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The EETicket Arachnid

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What Democracy Is Not
« on: February 02, 2011, 12:00:52 PM »
What Democracy Is Not
2 February 2011, 8:35 am

It's a snow day, so here's an old column from June of 2003 (because the purpose of technology is to make me less bored) in honor of the mess in Egypt.

(News-Herald, June 2003) Now that weíve completed the conquest of Iraq, we move on to the trick of helping them pull a new form of government out of their turbans.

This is no small feat, not just because our own form of government might not be well-suited to Iraq, but because we donít generally understand, really, what kind of government we actually have.

For instance, I am unceasingly amazed at how many people have no idea what the founding fathers considered the actual purpose of government.

It is not ďto keep people under controlĒ or ďforce people to behaveĒ or ďto make life fairĒ or  ďto spend money we donít have on things we donít want.Ē The Declaration says weíre all born with the right to life, liberty and the pursuit of happiness. Itís the governmentís job to see that these rights arenít taken away.

Thatís important to understand, because although we call our government a democracy, itís less notable for the way it insures democracy than for the ways it protects citizens from democracy.

We cannot, for instance, change our constitution very easily. This is undoubtedly a good thing; otherwise we would be changing the laws every year to suit whatever current craze is making the rounds. We often come up with reasons to abridge various parts of the Bill of Rights; a month doesnít go by that we donít try to get rid of that pesky First Amendment freedom to say annoying, stupid things. If these rights were not set in a sort of institutional cement, we would have thrown them out ages ago.

And who protects this document that says the majority canít change the rules every time theyíre in the mood? Why, that would be the Supreme Court, the nine wise judges who, in our very democratic system, are elected by absolutely nobody. Democratically elected officials can go through the democratic process of concocting laws that the majority of citizens clamor for, and then be told by the Robed Old People Who Can Never Be Voted Out of Office that such a law isnít allowed.

And thatís not always a bad thing.

We like to think that Democracy is a system that is the very opposite of tyranny. It isnít. Democracy can accommodate tyranny quite easily. Democracy would have made it entirely possible to perpetuate the abomination of slavery forever. The Jim Crow laws were democratically produced; we sometimes forget that Rosa Parks was not bucking prejudiceóshe was breaking the law. Democracy in Iraq could make it entirely possible to legally, legitimately, democratically outlaw the kurds or the shiíites just as effectively as any pogrom by Saddam.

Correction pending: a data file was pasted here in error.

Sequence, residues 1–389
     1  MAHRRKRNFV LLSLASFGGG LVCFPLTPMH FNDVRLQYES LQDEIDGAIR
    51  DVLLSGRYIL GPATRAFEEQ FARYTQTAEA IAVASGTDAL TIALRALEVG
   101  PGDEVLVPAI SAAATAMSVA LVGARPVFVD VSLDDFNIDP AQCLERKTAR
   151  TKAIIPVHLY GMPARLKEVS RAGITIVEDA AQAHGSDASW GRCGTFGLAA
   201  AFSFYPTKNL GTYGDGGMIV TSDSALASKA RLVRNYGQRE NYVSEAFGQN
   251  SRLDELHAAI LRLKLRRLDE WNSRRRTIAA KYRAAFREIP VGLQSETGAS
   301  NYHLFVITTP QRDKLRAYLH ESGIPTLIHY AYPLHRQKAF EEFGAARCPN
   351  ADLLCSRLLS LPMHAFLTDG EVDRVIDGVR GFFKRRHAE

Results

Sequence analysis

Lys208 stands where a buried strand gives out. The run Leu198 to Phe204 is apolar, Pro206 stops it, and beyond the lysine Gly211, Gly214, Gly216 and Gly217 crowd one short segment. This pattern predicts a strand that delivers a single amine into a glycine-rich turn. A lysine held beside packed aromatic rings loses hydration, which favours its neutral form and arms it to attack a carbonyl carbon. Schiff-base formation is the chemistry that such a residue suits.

Our legal system features similar protections. We could democratically decide to toss people into deep dark holes. We could democratically choose to strip people of every single right the moment they emit even a whiff of suspicious behavior. It is easy and human to decide that certain people do not deserve to have rights, and occasionally we do just that. It was perfectly democratic to lock up Americans of Japanese descent during World War II.

The glory of our system of government is not just our representative democracy (which is a good thing, since so many of us would rather complain than vote), but the restraints placed on that democracy. Itís not just that every citizen can have a voice, but that no amount of democratic process can take away any single personís right to life, liberty, or that all-too-elusive pursuit, no matter how many votes the majority rounds up.

The problem in Iraq is not that citizens do not have a voice. Most citizens have both a voice and a semi-automatic amplifier to go with it. The problem (well, one of the problems, anyway) is that the Iraquis, like many folks in this world, are too willing to accept the notion that restrictions should only apply to people who are wrong (that would be you), but that people who are right (that would be me) should be free to do whatever the heck they want.

Democracy is not really the foundation of our system. Democracy (or our republican form of it) is simply our recognition that it goes against the laws of nature to deprive any human being of his voice, no matter how obnoxious, offensive, or just plain stupid that voice may seem. Our form of government is supposed to recognize that people do not exist to preserve the system; instead, the system is only valid as long as it protects the people. And as a citizen, I have to believe that compromising with opposition to have a stable country that works is better than insisting on having it all my own way, but creating an unstable powderkeg doomed to explode. Thatís not an easy lesson to export.





Source: Venangoland

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